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The Road to the White House

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Presentation on theme: "The Road to the White House"— Presentation transcript:

1 The Road to the White House

2 Timeline: Running for the Presidency
24 months before election 6 months before election 12 months before election November election The Decision to Run Gathering support and money; testing the waters; announcing candidacies Primaries and Caucuses February to June open primaries closed primaries caucuses Winning Delegates Elimination of all candidates except one Party Convention July to August formal selection of party nominees at the national conventions party platform adopted vice presidential nomination General Stage Election August to November campaigning media appearances debates

3 Step 1: Win the Party Nomination

4 Party Caucuses Caucus - closed meeting of party members in each state
Michel Bachman campaigns in Iowa Caucus - closed meeting of party members in each state Delegates select the party’s choice for presidential candidate Currently, six states hold party caucuses to select presidential nominees.

5 Presidential Primaries
Presidential Primary Elections - special elections in which voters select candidates to be the party’s nominee for president in the general election. Primary Season: January-June of election year State party organizations decide the rules for the primaries in a particular state

6 Closed Primary vs. Open Primary
A registered voter may vote in any party primary regardless of his or her own party affiliation Crossover voters – voters who usually vote for one party, vote in the primary election of the other party Examples: Michigan, Texas, Virginia, Washington Voters may vote in a party's primary only if they are registered members of that party Examples: California, Florida, New Hampshire, Pennsylvania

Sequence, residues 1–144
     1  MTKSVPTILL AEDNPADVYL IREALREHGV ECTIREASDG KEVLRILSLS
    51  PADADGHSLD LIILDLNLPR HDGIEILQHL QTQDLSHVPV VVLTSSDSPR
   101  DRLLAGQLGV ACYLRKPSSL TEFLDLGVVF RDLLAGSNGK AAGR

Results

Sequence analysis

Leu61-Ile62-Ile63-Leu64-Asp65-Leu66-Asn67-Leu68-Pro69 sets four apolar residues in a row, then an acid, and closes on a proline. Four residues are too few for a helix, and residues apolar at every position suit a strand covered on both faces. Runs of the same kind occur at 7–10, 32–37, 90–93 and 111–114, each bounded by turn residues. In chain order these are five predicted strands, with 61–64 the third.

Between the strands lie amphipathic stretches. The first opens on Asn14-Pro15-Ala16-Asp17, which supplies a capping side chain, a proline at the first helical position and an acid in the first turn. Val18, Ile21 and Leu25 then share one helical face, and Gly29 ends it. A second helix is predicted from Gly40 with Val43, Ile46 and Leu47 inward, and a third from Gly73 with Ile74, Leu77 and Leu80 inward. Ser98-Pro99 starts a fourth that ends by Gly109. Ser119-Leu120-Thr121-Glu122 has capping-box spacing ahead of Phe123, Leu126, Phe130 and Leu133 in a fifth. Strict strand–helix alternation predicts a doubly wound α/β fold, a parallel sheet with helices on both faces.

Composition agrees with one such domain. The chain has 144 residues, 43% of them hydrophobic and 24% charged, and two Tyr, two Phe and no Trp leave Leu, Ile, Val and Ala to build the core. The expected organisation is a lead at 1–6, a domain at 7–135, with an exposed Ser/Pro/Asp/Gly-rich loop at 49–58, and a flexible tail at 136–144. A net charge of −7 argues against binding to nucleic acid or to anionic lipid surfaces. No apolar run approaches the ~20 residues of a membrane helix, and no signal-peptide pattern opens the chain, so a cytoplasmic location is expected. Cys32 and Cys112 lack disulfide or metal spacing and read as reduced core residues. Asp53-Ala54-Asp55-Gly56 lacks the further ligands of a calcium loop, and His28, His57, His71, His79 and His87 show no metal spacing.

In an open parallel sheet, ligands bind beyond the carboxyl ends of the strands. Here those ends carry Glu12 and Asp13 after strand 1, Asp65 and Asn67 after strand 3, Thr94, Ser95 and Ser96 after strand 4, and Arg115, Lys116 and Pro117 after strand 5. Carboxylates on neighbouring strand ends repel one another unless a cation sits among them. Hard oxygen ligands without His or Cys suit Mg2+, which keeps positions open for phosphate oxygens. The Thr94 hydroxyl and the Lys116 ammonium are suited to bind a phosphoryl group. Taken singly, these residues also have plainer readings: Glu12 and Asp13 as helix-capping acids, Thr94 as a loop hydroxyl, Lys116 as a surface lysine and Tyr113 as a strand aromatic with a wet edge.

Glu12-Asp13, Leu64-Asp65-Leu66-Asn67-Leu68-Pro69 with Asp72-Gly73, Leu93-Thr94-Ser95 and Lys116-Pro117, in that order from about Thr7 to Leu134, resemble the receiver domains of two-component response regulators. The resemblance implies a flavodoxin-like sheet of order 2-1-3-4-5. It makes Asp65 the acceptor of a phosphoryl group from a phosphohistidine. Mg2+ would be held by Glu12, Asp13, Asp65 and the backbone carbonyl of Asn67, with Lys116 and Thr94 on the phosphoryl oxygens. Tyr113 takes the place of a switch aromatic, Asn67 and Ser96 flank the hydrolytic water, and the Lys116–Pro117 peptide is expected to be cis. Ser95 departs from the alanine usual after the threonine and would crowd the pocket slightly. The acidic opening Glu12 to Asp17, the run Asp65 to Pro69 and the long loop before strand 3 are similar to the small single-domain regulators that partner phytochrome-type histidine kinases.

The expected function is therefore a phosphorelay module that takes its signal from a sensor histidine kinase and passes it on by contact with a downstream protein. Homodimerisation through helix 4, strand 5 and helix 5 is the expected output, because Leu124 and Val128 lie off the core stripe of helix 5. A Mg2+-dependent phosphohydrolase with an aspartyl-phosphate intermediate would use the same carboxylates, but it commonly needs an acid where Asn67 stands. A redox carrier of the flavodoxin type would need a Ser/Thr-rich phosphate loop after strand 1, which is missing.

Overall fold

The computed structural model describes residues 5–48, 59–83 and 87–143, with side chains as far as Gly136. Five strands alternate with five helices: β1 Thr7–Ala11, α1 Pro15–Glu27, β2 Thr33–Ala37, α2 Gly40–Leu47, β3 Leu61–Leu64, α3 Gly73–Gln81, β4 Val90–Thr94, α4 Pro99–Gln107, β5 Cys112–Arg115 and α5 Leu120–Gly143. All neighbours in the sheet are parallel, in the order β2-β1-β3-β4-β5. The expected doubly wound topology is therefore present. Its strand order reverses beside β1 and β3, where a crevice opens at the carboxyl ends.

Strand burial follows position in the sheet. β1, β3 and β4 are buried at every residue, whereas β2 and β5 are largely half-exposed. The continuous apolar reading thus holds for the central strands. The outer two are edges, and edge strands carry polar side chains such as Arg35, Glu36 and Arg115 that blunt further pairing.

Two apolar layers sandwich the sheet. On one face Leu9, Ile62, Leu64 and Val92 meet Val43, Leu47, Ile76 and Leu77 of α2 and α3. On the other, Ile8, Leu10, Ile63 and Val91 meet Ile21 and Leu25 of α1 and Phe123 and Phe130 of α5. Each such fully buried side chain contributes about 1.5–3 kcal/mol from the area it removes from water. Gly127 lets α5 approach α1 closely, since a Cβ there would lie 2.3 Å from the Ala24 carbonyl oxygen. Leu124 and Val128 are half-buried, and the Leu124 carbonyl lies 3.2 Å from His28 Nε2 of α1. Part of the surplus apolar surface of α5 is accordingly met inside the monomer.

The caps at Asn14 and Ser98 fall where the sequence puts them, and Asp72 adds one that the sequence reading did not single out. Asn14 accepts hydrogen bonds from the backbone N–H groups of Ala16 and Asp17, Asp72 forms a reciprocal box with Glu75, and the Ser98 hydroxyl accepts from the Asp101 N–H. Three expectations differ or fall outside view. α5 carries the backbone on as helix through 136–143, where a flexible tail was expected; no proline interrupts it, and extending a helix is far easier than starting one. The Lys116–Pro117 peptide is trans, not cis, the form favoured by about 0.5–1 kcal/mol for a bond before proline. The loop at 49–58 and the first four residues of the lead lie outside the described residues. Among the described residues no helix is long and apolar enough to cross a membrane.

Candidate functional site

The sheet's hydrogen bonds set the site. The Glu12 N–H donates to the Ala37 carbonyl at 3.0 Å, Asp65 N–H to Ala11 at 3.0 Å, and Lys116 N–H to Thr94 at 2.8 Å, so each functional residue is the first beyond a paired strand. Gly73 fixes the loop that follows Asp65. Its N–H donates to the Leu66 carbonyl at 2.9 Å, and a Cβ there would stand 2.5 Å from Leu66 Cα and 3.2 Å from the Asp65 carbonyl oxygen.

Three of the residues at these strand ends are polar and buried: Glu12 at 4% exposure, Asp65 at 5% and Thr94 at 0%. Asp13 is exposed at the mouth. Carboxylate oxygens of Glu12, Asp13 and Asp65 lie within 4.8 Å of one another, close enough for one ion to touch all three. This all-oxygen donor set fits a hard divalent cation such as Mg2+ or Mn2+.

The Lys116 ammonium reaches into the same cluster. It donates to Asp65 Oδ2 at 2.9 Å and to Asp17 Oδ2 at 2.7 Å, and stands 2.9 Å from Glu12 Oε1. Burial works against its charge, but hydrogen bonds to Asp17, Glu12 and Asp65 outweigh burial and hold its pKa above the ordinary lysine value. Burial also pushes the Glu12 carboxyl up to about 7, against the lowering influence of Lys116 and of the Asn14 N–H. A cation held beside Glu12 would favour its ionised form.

7 Methods of Selecting Presidential Delegates by State

8 2008 Open & Closed Primaries

9 Step 2: Win the General Election
Elections between candidates of opposing parties “The battle for the center” as candidates vie for independent, more moderate voters ?

10 Getting Elected The system used to elect the President is called the ELECTORAL COLLEGE Representatives from each state select the president The winner is determined by the number of electoral college votes, NOT the popular vote # of Electors = senators + representatives

11 So, what about the popular vote?
On election day (the first Tuesday in November), the American people vote for the candidate of their choice – this is known as the POPULAR VOTE (the vote of the people) The popular votes are counted In most states, the candidate who wins the most popular votes gets all the electoral votes in the state – for example, if most of the people in California vote for Candidate X, then Candidate X gets all 55 electoral votes

12 Commonly Asked Questions
Do electors actually cast their vote? It’s usually a formality, but in December, the electors representing the candidate who won their state’s popular vote meet in their state capital and cast their votes The results of the national election become official when the stats’ electoral ballots are counted before a joint session of Congress on January 6th The winners are sworn in on Inauguration Day, which is always January 20th Can one candidate win the popular vote and another win the electoral vote? Yes, and the electoral vote determines who will be President It happened most recently in 2000, when Al Gore won the popular vote but George W. Bush won the electoral vote and thus the White House It’s happened only three other times: 1824, 1876, 1888

13 (or the vote goes to the House of Representatives)
270/538 needed to win (or the vote goes to the House of Representatives)



Washington, D.C. Washington, D.C. has 3 electoral votes; however, it has no Senators or members in the House of Representatives… Why is this strange? Since DC has no senators and no members in the House, it should not have any electoral votes. However, since people living in the District do pay taxes and share the same responsibilities as other US citizens, they must be given the right to participate and have a voice in presidential elections. “NO TAXATION WITHOUT REPRESENTATION!!”

17 Step 3: Presidential Inauguration
January 20 – Presidential inauguration

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